Bearing 17 comprises a two part metal housing and a dielectric insert 29. Element 31 of the housing is, in the preferred embodiment, unitary with the lower wide side of waveguide 11. Element 33 of the housing is a cap retainer or clamp for the spherical journal portion of the joint and is demountably connected to element 31 via fasteners 35. Element 33 is split in this embodiment and is constructed using a self-lubricating material such as an oil impregnated metal. Alternatively, with item 13 demountably connectable to item 41 to allow assembly, a unitary or undivided clamp 33 may be employed.
The dielectric insert 29, being apertured at the top to complement the waveguide side aperture, and having an arcuate portion 37 and a flange portion 39, substantially resembles a right truncated hollow hemisphere from which, near the equatorial great circle thereof, depends an annular flange. With each of d1 and d2 in FIG. 2 approximately equal to a quarter wavelength, the arcuate portion 37 and the flange portion 39 each effectively constitute, over the frequency range of interest, substantially a quarter wavelength transmission line. These two lines are in series, and together constitute a half wavelength shorted transmission line in series with either the waveguide or coaxial line, or both at their interface, and this λ/2 shorted line minimizes electrical discontinuity between waveguide 11 and coax outer conductor 13. The actual point of sliding metal-to-metal contact is at or near a current minimum. Being at a current minimum reduces the sensitivity of the sliding joint to r.f. leakage and electrical disturbance across the joint. In the vernacular of the art, the device may be referred to as an RF choke. It should be apparent from FIG. 2 that dielectric insert 29 serves not only as an RF choke but additionally provides part of the internal bearing surface, or race, in which the spherical journal turns. Insert 29 presently is made of the low friction dielectric material, polytetrafluoroethylene. Other materials, such as plastic filled polytetrafluoroethylene or others, which have appropriate bearing properties and dielectric constant, may be employed.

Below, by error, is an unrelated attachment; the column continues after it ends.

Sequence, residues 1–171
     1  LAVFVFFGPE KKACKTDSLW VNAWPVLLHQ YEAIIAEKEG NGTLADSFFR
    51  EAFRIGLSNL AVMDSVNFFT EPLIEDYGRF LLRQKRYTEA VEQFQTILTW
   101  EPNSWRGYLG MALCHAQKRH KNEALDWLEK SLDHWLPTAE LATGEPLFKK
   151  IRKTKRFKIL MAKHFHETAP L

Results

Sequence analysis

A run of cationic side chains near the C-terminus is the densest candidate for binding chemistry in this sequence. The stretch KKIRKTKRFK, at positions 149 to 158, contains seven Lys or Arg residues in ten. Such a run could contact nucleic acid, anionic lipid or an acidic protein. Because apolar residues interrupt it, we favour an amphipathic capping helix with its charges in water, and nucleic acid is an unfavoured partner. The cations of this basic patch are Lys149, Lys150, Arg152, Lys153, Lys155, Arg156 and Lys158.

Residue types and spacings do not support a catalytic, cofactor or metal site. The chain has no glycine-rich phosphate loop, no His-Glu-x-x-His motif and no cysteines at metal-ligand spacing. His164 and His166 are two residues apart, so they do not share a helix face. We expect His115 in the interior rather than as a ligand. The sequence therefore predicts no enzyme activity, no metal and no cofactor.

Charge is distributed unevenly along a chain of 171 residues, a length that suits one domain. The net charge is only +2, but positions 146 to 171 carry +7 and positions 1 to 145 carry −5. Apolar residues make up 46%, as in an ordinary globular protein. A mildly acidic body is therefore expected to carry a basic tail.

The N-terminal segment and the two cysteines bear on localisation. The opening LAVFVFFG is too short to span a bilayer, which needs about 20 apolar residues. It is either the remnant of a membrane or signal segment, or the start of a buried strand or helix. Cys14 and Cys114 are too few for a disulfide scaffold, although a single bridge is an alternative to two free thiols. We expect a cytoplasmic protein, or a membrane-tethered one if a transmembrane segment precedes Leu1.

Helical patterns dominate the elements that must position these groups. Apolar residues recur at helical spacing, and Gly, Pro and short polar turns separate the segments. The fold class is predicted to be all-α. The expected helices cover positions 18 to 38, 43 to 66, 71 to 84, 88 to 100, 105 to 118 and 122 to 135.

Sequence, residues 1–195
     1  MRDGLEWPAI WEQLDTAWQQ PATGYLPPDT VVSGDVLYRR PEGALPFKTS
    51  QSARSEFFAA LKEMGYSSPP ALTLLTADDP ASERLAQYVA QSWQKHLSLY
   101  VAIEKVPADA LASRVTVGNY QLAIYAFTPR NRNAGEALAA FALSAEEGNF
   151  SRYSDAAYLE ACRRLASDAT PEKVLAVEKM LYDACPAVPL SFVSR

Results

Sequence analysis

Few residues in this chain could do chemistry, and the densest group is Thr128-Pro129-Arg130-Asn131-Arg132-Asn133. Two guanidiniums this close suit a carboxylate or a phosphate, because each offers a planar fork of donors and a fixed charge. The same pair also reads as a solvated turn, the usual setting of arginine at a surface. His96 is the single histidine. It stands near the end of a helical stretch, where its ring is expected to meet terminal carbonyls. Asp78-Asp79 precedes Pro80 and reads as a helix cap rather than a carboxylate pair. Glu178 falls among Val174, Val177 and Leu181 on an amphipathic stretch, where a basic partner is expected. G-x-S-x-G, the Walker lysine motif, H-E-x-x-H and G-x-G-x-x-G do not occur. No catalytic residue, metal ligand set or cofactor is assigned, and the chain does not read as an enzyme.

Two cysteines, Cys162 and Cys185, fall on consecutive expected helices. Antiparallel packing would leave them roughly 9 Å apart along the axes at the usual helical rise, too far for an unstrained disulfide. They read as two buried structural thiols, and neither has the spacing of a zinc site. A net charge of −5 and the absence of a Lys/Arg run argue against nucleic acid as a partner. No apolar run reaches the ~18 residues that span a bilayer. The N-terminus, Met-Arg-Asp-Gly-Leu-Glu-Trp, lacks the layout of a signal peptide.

Also seen from FIGS. 2 and 3, RF coupling in to or out of the lower end of coaxial section 13 is provided via waveguide section 41. More particularly, in the preferred embodiment the outer coax conductor 15 is unitary with the upper wide side of waveguide section 41, and the inner conductor 19, terminated with a spherical tip 43, extends down in to section 41 to provide probe-type coupling between waveguide section 41 and coaxial section 13. The portion of coaxial insulator 21 which extends down in to waveguide section 41, in conjunction with dielectric spacer plug 45, forms a snug housing which ensures appropriate probe positioning and overall structural integrity.
Probe embodiments other than those above described may, of course, be employed. (See Theodore Moreno's book entitled "Microwave Transmission Design Data", First Edition, 1948, McGraw-Hill, pages 176 through 178.) Whatever probe embodiment is chosen, the electrical characteristics of the probes and the coaxial line section are preferably coordinated to provide efficient conversion from waveguide mode to coax mode and back to waveguide mode. More particularly, as is well known in the art, a probe generally of the type illustrated acts as an antenna radiating down the waveguide and for efficient coupling the antenna radiation resistance R should reasonably match the coaxial line impedance Z0 where ##EQU1## The parameters λg and ε are respectively the wavelength in the guiding means and the dielectric constant of the medium 21 between center and outer conductor. The other parameters L, xo, x1, a, and b are pictorially defined in FIGS. 1 and 2.